AMA News and Notes January 2013

January 3, 2013
Courtesy of American Motorcyclist Association
American Motorcyclist Association

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Washington, D.C.: The U.S. Environmental Protection Agency is apparently scrapping its requirement that consumers buy at least four gallons of gasoline from blender gas pumps that dispense the new E15 ethanol-gasoline blend. The EPA had said that the minimum purchase requirement was meant to dilute any residual E15 fuel left in the hose.
On Dec. 17, in response to ongoing AMA concerns, the EPA indicated to the AMA that it would no longer require a minimum purchase of four gallons. Instead, the EPA will now likely require a label on blender pumps that dispense E10 and E15 through the same hose that states the pump is solely for passenger cars and trucks. In addition, the EPA indicated it will require stations that sell E15 to also have a pump with a dedicated E10 hose for use by motorcycles and other vehicles the EPA has not approved for E15 use.

Ethanol is essentially grain alcohol produced from crops such as corn that is mixed with gasoline to produce an ethanol-gasoline blend motor fuel. In October 2010, the EPA approved the use of E15 in model year 2007 and newer light-duty vehicles (cars, light-duty trucks and medium-duty passenger vehicles). Then, in January 2011, the EPA added model year 2001-06 light-duty vehicles to the approved list. No motorcycles or ATVs are currently on the list.

Washington, D.C.: Danielle Fowles is the newest member of the AMA Government Relations Department. Fowles, most recently from San Diego, Calif., is based in the AMA’s Washington, D.C., office, where she is working on legislative and grassroots initiatives. A graduate of the University of Utah, Fowles holds a bachelor’s in political science. She has worked as a legal assistant, fundraiser, and has served as an intern on Capitol Hill.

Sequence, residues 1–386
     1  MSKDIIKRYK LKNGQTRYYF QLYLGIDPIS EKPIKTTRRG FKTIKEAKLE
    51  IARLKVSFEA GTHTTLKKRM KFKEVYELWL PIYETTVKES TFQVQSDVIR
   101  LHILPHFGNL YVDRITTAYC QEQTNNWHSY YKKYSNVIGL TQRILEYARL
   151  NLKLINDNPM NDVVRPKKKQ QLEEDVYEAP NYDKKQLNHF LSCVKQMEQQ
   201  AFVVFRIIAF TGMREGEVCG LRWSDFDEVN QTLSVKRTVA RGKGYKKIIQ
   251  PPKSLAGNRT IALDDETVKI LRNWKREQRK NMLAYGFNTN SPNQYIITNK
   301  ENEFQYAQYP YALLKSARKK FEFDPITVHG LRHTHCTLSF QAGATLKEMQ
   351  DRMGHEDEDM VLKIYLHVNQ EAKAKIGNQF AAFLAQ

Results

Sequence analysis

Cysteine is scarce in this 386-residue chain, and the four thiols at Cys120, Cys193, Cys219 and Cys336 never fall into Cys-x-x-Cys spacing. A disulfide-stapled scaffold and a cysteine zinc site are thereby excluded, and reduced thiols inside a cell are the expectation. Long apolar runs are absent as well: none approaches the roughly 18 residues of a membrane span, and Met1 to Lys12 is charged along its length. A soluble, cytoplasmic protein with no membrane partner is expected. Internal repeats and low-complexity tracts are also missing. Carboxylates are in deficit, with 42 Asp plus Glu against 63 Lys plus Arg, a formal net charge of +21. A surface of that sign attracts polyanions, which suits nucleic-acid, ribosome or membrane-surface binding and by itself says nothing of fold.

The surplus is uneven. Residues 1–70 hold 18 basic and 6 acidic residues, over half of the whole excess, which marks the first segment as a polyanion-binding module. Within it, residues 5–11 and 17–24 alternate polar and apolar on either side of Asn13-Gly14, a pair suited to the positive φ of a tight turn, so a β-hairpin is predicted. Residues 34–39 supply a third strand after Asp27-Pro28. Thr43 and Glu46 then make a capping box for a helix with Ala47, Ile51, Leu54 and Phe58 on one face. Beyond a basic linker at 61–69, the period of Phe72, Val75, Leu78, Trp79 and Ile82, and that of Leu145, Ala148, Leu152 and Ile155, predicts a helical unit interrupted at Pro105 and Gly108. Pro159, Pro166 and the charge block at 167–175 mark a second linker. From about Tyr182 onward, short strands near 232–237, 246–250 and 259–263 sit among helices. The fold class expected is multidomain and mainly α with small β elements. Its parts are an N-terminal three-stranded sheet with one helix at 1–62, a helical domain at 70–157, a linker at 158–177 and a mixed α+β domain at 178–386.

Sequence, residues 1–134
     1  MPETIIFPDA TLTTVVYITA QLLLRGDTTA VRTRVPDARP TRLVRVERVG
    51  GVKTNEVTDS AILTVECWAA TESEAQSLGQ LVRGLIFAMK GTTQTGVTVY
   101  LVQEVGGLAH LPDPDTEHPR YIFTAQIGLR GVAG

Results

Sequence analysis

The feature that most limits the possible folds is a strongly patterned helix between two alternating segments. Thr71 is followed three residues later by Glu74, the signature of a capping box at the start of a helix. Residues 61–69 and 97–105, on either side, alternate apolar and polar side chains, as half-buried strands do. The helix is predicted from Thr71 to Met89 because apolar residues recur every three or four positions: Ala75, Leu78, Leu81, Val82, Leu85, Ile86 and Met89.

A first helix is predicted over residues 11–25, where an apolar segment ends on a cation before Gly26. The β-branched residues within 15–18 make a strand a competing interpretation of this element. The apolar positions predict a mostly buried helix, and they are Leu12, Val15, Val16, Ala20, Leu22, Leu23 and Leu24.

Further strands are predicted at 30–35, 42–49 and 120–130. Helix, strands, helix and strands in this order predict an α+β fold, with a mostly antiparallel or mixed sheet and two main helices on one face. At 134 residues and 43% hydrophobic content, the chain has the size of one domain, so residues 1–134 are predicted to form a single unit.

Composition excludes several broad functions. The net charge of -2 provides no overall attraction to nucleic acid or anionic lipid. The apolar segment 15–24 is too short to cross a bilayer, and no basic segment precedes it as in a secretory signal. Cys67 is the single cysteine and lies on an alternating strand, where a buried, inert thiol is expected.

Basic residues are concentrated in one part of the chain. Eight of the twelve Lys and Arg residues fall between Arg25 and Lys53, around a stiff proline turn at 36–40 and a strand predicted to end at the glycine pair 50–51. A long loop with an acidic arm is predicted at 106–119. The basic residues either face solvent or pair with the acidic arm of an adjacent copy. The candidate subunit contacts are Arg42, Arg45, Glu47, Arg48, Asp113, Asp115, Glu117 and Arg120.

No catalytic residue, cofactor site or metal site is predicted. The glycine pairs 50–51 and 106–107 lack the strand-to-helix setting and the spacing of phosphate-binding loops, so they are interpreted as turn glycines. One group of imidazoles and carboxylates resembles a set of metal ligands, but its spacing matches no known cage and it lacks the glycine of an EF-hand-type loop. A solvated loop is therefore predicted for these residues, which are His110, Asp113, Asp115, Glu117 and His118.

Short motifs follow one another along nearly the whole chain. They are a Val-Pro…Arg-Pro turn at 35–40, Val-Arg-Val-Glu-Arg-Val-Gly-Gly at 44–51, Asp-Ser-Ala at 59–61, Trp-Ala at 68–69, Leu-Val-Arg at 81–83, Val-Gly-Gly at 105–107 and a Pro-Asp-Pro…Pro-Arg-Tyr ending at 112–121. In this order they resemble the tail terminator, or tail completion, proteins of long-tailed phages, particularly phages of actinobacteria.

Cypress, Calif.: Yamaha Motor Corp., U.S.A.’s OHV Access Initiative approved $75,000 in funding in October to help seven different organizations in six states. The groups that received funding are the Border Riders Sportsman Club in Jackson, Maine; Great Lot Sportsman’s ATV Club in Booneville, N.Y.; MTN Trail Riders in Jonesborough, Tenn.; North Country ATV in North Stratford, N.H.; Northeast ATV Association in Troy, N.Y.; Thunder Mountain Wheelers in Delta, Colo.; and Snow Shoes Rails to Trails in Clarence, Pa.
These organizations are helping to implement Yamaha’s mission of supporting safe, responsible riding and open, sustainable riding areas through a variety of projects on the ground level. Since its inception in 2008, the Yamaha OHV Access Initiative has funded nearly 200 such projects across the country. Yamaha is actively seeking qualified projects at local, state and federal levels. The current OHV Access Initiative GRANT application form and guidelines are available at

Twentynine Palms, Calif.: Riders who use the popular Johnson Valley Off-Highway Vehicle Riding Area in California may not lose most of the area to a Marine base expansion after all. Under language currently included in the National Defense Authorization Act for Fiscal Year 2013 (H.R. 4310), which was offered by Rep. Roscoe Bartlett (R-Md.) with support from Sens. Diane Feinstein (D-Calif.) and Mark Udall (D-Colo.), the military is barred from spending money to expand the military base into Johnson Valley until it completes a report on how the expansion would affect off-highway riding in this important area. The report is expected to be completed in 90 days.
In July, the Department of the Navy released a final environmental impact statement for the expansion of the Marine base. The preferred alternative would allow public use of only 40,000 acres of the 190,000-acre Johnson Valley OHV area, and for only 10 months a year. It’s all part of an effort by the Marine Corps Air Ground Combat Center at Twentynine Palms to expand its land holdings to allow for more live-fire training. The Marine Corps is part of the Navy.